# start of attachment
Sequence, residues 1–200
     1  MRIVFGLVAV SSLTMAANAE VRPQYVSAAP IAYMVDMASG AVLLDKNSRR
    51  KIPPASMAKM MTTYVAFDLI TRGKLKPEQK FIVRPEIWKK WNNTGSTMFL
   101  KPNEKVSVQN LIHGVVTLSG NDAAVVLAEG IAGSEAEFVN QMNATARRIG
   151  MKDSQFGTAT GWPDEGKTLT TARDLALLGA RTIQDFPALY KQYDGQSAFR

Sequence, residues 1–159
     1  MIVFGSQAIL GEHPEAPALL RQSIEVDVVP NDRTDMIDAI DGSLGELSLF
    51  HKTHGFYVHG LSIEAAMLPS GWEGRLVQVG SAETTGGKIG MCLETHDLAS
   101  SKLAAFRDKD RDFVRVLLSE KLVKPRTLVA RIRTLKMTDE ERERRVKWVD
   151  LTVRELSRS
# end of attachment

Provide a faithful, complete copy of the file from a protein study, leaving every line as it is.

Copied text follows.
Sequence, residues 1–200
     1  MRIVFGLVAV SSLTMAANAE VRPQYVSAAP IAYMVDMASG AVLLDKNSRR
    51  KIPPASMAKM MTTYVAFDLI TRGKLKPEQK FIVRPEIWKK WNNTGSTMFL
   101  KPNEKVSVQN LIHGVVTLSG NDAAVVLAEG IAGSEAEFVN QMNATARRIG
   151  MKDSQFGTAT GWPDEGKTLT TARDLALLGA RTIQDFPALY KQYDGQSAFR

Sequence, residues 1–159
     1  MIVFGSQAIL GEHPEAPALL RQSIEVDVVP NDRTDMIDAI DGSLGELSLF
    51  HKTHGFYVHG LSIEAAMLPS GWEGRLVQVG SAETTGGKIG MCLETHDLAS
   101  SKLAAFRDKD RDFVRVLLSE KLVKPRTLVA RIRTLKMTDE ERERRVKWVD
   151  LTVRELSRS